CHRIS NEWTON visits the most haunted Lancaster pubs to check out the spirits for us…
Lancashire’s county town has a macabre history, and is steeped in the supernatural.
Recorded in the Domesday Book in as ‘Loncastre’, (meaning Fort on the Lune), Lancaster earned the nickname ‘The Hanging Town’ owing to the sheer number of people sentenced to death in The Lancaster Assizes (the court based in its castle).
Is it any wonder its bloodstained cobbles are haunted by restless spirits? With that in mind, here are five pubs to visit as you delve into Lancaster’s dark past.
The Pendle Witch,
90-92 Penny Street,
Lancaster LA1 1XN
What better name for a pub to start our haunted jaunt than this? One of the first things you will notice upon entering this establishment is a striking tribute to Jennet Device on the far wall accompanied by words which are hauntingly relevant today: “In times of crisis, fear of evil can easily lead us to behave in ways which may corrode the very values that we most wish to protect.”
Alongside its selection of Witchy beers, and ‘The Wiccan Rede’ inscribed on the bar, the Pendle Witch is located on Penny Street, which is home to a ghost of its’ own. According to Cross Fleury’s historic notes, ‘Time Honoured Lancaster’ (1891), a headless phantasm used to materialise in the bedroom of a young girl with such regularity that the girl and her siblings came to regard the ghost as roommate. ‘All it seemed to have deemed it necessary to do for its own satisfaction was to show itself,” she wrote of the haunting.
29 Castle Hill,
Lancaster LA1 1YN
As the name would suggest, this pub, formerly a wine merchants’ cellar, has been here since the 17th Century, and sits in the shadow of the city’s most haunted building – Lancaster Castle, where the Pendle Witches were infamously imprisoned during the assizes of 1612. It was within these walls that the nine-year-old Jennet Device gave evidence against her family and condemned them to the scaffold.
The castle’s ghosts, including a floating monk are documented elsewhere on Spooky Isles, so I’ll instead share a personal story. For the last few years, Merchants has been the starting point for the wonderful Lancaster Terror Tours. I attended their Halloween 2018 event, armed with an EVP recorder and heard something very strange when listening back the next day. One of the guides, Tabitha, began the tour by the castle gates, reciting the description of Lancaster Castle from William Wordsworth’s ‘Sonnets Upon The Punishment of Death’.
“This spot, at once unfolding sight so fair
Of sea and land, with yon grey towers that still Rise up as if to lord it over air –
Might soothe in human breasts the sense of ill,
Or charm it out of memory; yea, might fill
The heart with joy and gratitude to God…”
Listening back, a terrifying, deep mocking voice repeats the word ‘god.’ I was stood beside her when this recording was made, and I can promise you that nobody else was speaking at the time.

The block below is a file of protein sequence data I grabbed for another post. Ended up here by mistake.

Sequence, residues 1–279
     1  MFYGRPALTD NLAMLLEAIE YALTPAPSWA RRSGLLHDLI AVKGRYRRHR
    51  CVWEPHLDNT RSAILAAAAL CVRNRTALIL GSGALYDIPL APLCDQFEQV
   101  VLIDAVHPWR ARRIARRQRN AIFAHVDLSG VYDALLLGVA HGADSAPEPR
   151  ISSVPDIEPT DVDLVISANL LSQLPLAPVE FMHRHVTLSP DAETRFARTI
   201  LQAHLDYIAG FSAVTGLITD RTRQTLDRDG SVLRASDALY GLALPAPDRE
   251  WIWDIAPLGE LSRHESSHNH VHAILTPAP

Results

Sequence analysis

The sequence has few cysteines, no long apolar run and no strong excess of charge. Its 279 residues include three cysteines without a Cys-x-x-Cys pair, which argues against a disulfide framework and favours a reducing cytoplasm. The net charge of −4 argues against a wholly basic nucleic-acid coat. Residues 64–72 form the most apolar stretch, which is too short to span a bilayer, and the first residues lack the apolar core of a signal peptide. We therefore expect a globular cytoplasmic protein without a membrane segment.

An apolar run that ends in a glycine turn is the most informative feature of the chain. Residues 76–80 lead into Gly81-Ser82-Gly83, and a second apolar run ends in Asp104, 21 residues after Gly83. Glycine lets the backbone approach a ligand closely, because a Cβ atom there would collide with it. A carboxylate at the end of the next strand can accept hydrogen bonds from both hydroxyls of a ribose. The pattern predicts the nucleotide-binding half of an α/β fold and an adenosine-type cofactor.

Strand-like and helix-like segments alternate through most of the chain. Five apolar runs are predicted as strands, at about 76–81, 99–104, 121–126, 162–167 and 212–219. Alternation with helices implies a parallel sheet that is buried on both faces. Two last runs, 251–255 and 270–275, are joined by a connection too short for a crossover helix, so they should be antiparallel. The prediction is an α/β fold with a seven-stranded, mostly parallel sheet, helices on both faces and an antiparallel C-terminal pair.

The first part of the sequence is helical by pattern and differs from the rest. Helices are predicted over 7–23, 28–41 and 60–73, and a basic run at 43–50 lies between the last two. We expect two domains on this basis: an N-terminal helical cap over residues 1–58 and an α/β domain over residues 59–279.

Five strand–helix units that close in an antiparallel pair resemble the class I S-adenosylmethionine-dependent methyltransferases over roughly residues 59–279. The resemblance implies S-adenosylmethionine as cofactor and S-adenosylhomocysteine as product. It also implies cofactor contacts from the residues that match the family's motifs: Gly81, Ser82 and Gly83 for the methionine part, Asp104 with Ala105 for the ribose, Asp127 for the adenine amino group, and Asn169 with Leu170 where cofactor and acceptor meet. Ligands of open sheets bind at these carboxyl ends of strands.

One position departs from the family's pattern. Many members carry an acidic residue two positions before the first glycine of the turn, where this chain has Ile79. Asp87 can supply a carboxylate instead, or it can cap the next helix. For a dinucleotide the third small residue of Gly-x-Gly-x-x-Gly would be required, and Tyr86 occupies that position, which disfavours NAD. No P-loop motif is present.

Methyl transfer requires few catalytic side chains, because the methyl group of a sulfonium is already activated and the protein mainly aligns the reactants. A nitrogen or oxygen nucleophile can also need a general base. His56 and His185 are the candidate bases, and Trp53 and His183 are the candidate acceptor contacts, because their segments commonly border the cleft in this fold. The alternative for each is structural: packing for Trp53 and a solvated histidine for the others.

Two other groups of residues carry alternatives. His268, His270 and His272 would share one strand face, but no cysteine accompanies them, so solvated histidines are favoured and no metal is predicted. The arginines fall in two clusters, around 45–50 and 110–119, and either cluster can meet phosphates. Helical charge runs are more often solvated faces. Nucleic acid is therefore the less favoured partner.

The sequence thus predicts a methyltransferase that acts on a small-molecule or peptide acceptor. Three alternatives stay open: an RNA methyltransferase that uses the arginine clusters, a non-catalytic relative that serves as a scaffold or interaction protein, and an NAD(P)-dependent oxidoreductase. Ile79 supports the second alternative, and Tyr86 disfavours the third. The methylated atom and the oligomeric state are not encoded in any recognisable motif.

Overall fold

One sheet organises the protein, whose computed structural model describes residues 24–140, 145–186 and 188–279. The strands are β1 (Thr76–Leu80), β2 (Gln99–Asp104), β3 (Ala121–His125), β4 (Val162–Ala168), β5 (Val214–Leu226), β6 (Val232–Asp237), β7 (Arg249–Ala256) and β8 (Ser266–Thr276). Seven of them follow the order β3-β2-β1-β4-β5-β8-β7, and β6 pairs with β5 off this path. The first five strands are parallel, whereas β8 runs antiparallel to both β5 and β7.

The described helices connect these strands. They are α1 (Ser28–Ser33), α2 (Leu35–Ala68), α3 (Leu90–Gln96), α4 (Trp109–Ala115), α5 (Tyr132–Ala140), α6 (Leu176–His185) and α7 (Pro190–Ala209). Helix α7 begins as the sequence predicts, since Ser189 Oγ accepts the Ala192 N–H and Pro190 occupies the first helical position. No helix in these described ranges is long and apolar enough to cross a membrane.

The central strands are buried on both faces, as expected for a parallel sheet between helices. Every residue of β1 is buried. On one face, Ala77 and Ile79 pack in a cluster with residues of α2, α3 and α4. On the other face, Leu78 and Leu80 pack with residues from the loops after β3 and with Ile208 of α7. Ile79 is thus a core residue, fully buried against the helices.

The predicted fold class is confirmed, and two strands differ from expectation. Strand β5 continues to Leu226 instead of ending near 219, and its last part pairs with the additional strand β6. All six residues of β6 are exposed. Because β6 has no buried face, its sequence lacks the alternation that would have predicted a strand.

Merchants also sits opposite The Kings Arms Hotel, if you wanted to include its’ bar as the sixth pub on your crawl. One of its rooms was reputedly haunted by a young bride who poisoned herself after her lover was hanged.
Any guest brave enough to spend the night was traditionally given a piece of wedding cake – including none other than Charles Dickens – who had hoped to catch a glimpse of the ghost.
The Three Mariners,
Lancaster LA1 1EE
Lancaster’s oldest pub, a 15th Century Grade II listed building, has a whole host of undead regulars. A misty figure has been seen haunting the cellar, and a Jacobite man has often been seen from outside, his ghostly hand cleaning the windows, only for patrons to enter and find nobody there.
A little further up the road from The Three Mariners are The Judge’s Lodgings, where a young apprentice boy who bled to death after accidentally cutting off his thumb can be seen tearing down the cobbled streets, screaming and clutching his bleeding hand.
The Golden Lion,
33 Moor Len,
Lancaster LA1 1QD
Since the 15th Century, a pub has sat on this spot on Moor Lane, so named for its proximity to Gallows Hill. For many years it was used as a final drinking place for the condemned, allegedly among them the Pendle Witches themselves.
The current building, which itself dates back to the 17th Century, bears a plaque listing the names of the men and women hanged for witchcraft. As well as the witches’ spirits, a spectral nun supposedly haunts the cellar. (My story in the latest The Spooky Isles anthology, Shadow of Pendle, is set in this very pub!)
3 Dalton Square,
Lancaster LA1 1PP
Our final pub sits in Dalton Square, instantly recognisable for its’ Queen Victoria statue. But this picturesque square, with its annual ice rink and Christmas market, was once home to Bukhtyar Chompa Rustomji Ratanji Hakim, more commonly known as Buck Ruxton.
Ruxton, ‘The Savage Surgeon’, was executed in 1936 for the murder of his wife, Isabella, and their maid, Mary Jane Rogerson. It is thought that Ruxton murdered his wife in a fit of jealous rage, only do be discovered in the process of dismembering her body by Rogerson, events which became immortalised in a playground song:
“Red stains on the carpet
Red satins on the knife
When Doctor Buck Ruxton cut up his wife
Maid Mary she saw him, and said she would tell
So Doctor Buck Ruxton cut her up as well!”
After mutilating the bodies to prevent identification, Ruxton drove his victims to Scotland, to the Dumfriesshire town of Moffat, and buried them.
However, Ruxton had unwittingly wrapped the body parts in a newspaper only available in Lancaster and Morecambe, which lead to his eventual arrest.
The house in which the murders took place remained empty for some years, and is now used as office space, but the spectre of these gruesome killings still haunts the square.